InstaGlenn’s post doesn’t quite capture all of the nuance of this little blog tiff they’re having with Joe Klein, which is actually just the latest skirmish in their ongoing war on big-media lefties like him and David Broder who dare to criticize liberals occasionally. (Google “Joe Klein” and “bloggers” and you’ll see what I mean.) Nor does he note the contempt towards Gen. Petraeus that drips from Rick Ellison McEllensburg’s screed, although he does drily mention in passing Ellison’s sneering reference to “shiny uniforms.”
But it’s worth clicking for the snark:
You know, if I didn’t know better I’d think that some of the lefty bloggers would actually be happier if things were going badly.
Yeah, me too. Good thing we know better. Klein’s piece is actually a basic restatement of events that have been reported for months now by the New York Times, the LA Times, CNN, the Associated Press, USA Today, various embedded bloggers, and numerous other outlets, not all of whom rely on those shady “senior officials” Ellison’s wringing his hands over. To take the most recent example, from an LAT piece a few days ago about Marines in Anbar volunteering to extend their tours:
The Two-Five, whose motto, “Retreat, Hell,” stems from the World War I battle at Belleau Wood, has drawn one of the tougher assignments in what remains the toughest city in sprawling Al Anbar province. Phone service is spotty, sewage runs in many streets, and any sign of local government is minimal.
But Marines say that residents, encouraged by tribal sheiks and imams, have turned against the extremists and, among other things, are pointing out the location of hidden roadside bombs.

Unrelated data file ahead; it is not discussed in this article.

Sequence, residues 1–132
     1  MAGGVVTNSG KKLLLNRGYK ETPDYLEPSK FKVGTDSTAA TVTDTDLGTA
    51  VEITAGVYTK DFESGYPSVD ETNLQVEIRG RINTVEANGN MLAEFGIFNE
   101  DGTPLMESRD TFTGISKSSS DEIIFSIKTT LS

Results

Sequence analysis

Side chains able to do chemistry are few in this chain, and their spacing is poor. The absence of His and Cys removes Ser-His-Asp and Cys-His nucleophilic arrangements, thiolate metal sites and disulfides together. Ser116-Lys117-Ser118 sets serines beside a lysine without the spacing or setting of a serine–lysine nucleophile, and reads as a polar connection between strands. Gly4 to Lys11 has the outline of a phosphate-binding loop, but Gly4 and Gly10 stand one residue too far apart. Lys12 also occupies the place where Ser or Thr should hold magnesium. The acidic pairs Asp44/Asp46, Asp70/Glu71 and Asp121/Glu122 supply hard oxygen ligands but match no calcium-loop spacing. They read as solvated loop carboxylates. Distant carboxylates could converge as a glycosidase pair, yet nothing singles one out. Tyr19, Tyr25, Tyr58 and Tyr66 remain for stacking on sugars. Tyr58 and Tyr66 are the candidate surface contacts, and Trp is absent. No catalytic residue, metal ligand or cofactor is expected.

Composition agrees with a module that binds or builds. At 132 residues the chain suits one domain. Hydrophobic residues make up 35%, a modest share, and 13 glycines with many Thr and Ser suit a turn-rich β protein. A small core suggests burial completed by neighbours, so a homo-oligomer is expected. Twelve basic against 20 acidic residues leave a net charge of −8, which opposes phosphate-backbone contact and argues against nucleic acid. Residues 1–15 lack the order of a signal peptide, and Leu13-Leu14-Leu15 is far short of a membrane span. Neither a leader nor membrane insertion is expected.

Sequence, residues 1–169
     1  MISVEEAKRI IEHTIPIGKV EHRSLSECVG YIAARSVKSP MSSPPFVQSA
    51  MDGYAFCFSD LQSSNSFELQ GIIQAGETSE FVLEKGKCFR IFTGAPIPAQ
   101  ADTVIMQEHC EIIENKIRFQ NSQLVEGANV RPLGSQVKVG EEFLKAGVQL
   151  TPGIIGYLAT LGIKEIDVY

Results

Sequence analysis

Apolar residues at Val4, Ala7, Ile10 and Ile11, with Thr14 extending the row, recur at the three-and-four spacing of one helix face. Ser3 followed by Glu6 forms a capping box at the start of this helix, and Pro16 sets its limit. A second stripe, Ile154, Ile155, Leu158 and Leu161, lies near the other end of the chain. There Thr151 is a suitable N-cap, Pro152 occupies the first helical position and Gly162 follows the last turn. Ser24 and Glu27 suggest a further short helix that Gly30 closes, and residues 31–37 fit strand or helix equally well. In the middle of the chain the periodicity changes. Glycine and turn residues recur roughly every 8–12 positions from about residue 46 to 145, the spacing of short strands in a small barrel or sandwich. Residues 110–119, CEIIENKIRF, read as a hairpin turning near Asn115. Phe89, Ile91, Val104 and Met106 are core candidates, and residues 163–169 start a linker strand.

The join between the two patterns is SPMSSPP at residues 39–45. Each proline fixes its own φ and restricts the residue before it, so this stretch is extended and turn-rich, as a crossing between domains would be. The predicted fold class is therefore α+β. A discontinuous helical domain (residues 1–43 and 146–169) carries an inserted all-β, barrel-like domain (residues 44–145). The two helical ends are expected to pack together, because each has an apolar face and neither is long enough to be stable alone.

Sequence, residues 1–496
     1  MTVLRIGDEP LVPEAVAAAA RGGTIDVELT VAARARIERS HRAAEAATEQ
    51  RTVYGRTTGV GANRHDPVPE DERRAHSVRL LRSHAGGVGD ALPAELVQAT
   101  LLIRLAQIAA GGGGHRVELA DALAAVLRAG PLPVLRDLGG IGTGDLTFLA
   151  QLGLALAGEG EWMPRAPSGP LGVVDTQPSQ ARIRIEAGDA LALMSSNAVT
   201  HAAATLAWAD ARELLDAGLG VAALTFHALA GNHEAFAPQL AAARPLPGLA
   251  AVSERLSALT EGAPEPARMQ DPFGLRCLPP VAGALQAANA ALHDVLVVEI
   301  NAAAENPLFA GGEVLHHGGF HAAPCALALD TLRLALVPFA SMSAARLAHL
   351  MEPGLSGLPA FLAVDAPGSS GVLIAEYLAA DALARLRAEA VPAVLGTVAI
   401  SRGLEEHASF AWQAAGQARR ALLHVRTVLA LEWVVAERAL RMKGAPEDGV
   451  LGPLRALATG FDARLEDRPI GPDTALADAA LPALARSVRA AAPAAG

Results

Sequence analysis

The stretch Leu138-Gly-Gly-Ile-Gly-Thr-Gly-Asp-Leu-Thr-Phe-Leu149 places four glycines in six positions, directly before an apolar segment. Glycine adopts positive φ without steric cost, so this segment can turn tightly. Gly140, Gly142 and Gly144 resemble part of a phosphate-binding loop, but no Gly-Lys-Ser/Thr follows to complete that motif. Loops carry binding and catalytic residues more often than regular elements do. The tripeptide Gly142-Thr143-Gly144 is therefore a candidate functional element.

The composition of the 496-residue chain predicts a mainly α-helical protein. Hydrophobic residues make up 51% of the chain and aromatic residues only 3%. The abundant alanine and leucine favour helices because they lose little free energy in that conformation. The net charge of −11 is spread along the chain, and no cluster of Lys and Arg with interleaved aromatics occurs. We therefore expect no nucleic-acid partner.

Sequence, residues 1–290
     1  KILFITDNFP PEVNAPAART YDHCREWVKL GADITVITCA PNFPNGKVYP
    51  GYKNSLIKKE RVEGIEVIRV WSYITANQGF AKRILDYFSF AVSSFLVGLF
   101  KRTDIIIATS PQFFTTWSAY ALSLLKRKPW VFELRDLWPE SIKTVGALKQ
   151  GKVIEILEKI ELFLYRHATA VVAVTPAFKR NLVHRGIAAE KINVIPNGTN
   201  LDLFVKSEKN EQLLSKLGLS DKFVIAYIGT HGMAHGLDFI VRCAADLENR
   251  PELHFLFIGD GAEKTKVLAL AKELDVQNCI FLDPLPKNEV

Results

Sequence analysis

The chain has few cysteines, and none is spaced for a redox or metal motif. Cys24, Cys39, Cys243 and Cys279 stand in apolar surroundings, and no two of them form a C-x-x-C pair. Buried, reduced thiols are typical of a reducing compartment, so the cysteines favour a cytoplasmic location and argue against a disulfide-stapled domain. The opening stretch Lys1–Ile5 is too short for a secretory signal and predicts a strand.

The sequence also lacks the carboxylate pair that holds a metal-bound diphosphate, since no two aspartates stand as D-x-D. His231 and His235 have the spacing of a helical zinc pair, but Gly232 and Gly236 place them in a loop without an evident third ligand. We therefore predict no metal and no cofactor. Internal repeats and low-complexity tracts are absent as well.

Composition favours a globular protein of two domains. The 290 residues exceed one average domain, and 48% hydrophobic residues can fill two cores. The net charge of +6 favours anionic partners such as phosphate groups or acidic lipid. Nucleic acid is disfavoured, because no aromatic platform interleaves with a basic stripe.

“The last time, it was like the people didn’t want to do anything to help their neighborhoods,” [Marine Cpl. Saul] Mellado said. “Now it’s a big change. I want to be here to help with that, to help my Marines.”
Another paid stooge of BushCo, I guess. What’s funny is that I remember Eric Boehlert tut-tutting righty bloggers back at the time of the Jamil Hussein story about not being able to accept the reality in Iraq as reported by the mainstream media. In fact, the opposite has always been true: any good news, however small and no matter what its mainstream media pedigree, is received by the left with hostility and summarily adjudged discredited. That’s especially true in this case because Anbar was written off by military insiders last fall as lost to Al Qaeda, so to see hope revive in an area that was supposed to serve as Exhibit A in the left’s case for withdrawal is an especially bitter pill for them to swallow. For most of America, of course, it’s good news.
God help us if Roggio is right about an “awakening” forming in Diyala now, too. That might create some real momentum, which will mean a snideness in Ellensburg’s Internet droppings heretofore unknown.